Breslin: What do you think of Playboy no longer publishing a print magazine?
Thomas: I was really disappointed when Playboy announced that it was changing to a digital quarterly magazine. This was announced at the start of the pandemic, and it felt like the end of an era. They must have thought it was going to be impossible to coordinate guests and resources for publication. I had always hoped that either a member of the Hefner family, like [Hefner’s sons] Marston or Cooper, was going to step up into the role of bringing it back. Christie Hefner had some success when she took over Hef’s role, but it was short lived. I think Playboy will now continue down the licensing path, particularly in the Middle East and Asia where the Bunny logo actually seems to carry some prestige, whereas in the Western markets it died long ago, apart from in some small collaborations with Supreme and other brands. For me there’s still something really nice about having a physical magazine or book. I only read with physical copies, and I haven’t touched my Kindle for a few years. I believe there’s still a market for print magazines, but it requires a different kind of model to work, and I have ideas on how to do it. At the moment I’m working on my own magazine, which I can only really describe as a throwback to the 50s and early 60s magazines. I want to create something with an air of freedom and excitement for the future. I want to honor the great artworks that appeared in Playboy, and I want to capture that “girl next door” feeling. I like the idea of bringing back the romantic imagery that featured in early Playboy. There won’t be any pornography in TEN NINE because I don’t think I can complete with modern pornography, and I don’t think I really want to.
Breslin: What’s your favorite issue of Playboy?
Thomas: I would struggle to choose a favorite issue. There are some that I go back to regularly, particularly those with great covers, but I particularly like the issues that feature artworks from Jack Cole and Edmond Kiraz. Unfortunately, Cole committed suicide at a young age, so we only get cartoons from him until the early 60s. There are also a few issues with great sci-fi writers, like Arthur C. Clarke, and the philosopher Alan Watts makes an appearance on a few occasions. In terms of covers, I like the playfulness of the 1950s covers. For some reason I really like July 1970 and November 1967. There are some truly iconic issues through the years and quite a few from the 1980s, which I’m looking forward to reviewing. One issue that I always keep on hand is the special tribute issue to Hugh Hefner. It has great imagery from the peak Playboy years with written tributes from Bill Maher, Jesse Jackson, Larry King, Cindy Crawford, Kim Basinger, and Art Paul, the genius art editor who served for decades, among others.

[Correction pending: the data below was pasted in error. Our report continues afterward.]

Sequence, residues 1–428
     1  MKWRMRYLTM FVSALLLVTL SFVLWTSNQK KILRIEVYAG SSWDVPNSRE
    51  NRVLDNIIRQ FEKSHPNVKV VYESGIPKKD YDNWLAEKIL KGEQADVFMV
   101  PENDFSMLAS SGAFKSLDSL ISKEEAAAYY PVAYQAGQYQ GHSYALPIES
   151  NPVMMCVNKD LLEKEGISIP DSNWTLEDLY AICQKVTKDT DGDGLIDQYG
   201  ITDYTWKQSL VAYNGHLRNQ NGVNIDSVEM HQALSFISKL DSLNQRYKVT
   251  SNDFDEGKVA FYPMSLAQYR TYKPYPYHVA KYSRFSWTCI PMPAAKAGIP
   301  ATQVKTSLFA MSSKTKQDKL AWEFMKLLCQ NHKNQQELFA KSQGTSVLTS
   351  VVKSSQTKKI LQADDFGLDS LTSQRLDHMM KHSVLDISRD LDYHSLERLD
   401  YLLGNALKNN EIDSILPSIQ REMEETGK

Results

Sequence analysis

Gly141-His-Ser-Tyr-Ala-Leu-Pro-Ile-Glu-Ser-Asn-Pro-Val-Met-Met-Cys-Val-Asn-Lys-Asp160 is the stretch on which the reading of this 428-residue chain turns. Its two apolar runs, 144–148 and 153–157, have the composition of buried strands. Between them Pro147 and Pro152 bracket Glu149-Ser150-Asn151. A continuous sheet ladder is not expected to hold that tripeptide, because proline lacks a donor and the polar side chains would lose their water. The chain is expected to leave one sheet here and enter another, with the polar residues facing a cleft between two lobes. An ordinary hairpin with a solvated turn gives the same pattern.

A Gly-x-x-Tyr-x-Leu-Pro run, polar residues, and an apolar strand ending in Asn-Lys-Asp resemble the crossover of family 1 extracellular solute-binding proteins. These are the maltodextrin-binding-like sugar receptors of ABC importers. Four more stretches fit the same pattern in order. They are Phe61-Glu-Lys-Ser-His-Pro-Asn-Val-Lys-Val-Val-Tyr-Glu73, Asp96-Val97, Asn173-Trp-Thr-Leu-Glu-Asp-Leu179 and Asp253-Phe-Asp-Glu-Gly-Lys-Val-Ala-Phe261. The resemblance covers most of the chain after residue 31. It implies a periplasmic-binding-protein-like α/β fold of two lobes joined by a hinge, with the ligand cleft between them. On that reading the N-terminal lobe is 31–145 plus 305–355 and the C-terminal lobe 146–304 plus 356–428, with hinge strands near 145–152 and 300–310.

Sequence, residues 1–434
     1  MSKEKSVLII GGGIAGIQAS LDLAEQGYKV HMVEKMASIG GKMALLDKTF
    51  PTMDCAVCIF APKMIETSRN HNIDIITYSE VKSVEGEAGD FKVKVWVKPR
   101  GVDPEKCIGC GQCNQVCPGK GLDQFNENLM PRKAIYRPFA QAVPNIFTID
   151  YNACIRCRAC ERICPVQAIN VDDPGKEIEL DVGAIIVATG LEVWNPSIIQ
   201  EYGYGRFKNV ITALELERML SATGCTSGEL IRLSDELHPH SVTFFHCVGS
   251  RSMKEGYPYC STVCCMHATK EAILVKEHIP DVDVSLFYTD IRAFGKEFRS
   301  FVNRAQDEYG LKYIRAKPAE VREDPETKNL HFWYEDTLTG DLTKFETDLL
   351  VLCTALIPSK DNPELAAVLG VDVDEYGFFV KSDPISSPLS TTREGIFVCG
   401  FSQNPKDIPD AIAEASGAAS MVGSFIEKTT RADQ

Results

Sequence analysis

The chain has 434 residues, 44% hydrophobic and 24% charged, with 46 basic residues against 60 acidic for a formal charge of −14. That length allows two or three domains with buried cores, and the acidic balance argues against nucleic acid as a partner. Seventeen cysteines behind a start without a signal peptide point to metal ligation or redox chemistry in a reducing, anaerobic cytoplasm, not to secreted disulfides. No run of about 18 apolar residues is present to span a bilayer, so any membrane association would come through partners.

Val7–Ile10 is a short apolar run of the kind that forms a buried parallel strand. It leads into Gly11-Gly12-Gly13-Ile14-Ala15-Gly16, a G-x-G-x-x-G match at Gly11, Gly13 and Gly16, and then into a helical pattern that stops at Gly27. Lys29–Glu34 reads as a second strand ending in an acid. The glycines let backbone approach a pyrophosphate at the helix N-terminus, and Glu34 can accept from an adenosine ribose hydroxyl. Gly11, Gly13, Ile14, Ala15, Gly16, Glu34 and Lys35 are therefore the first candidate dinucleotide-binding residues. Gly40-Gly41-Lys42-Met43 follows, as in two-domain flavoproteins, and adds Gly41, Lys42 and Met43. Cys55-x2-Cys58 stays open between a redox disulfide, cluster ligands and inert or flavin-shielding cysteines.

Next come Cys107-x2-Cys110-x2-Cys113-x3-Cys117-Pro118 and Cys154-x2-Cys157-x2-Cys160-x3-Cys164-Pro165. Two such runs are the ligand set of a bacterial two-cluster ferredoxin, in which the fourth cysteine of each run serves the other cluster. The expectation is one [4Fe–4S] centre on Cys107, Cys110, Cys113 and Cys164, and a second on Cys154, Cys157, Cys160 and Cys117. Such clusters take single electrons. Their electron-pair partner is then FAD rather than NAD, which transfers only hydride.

Breslin: Have you monetized your project?
Thomas: As my videos are 18+, they are not monetizable. From the outset I made an early promise to my first viewers not to feature adverts on my videos, but I couldn’t guarantee that YouTube wouldn’t run them anyway. I like the idea of somebody sitting down uninterrupted without distraction to see the contents of the magazines. I think that’s why I like physical print so much more, because you can take yourself away from the screen and actually sit down and enjoy it. When you read a physical book or magazine, I think you take the time to actually get comfortable to do it. I have a small subscription option on my channel with a couple of people donating monthly. It’s not much, but people like to say thanks with a little tip. I would love to monetize it in some other way, but at present I’m just enjoying the process and working on my own magazine, which I hope will evolve into something profitable.
Breslin: When do you expect to finish Playboy Review?
Thomas: I am expecting it to take around five to six years to review every magazine up until the point they stopped printing. I have ideas for other videos focusing on particular sections of content—I want to deep dive on particular articles, Playmates, stories and events—so it’s likely that even when every magazine has been reviewed, I will be producing more content around Playboy.
This interview has been edited and condensed for clarity.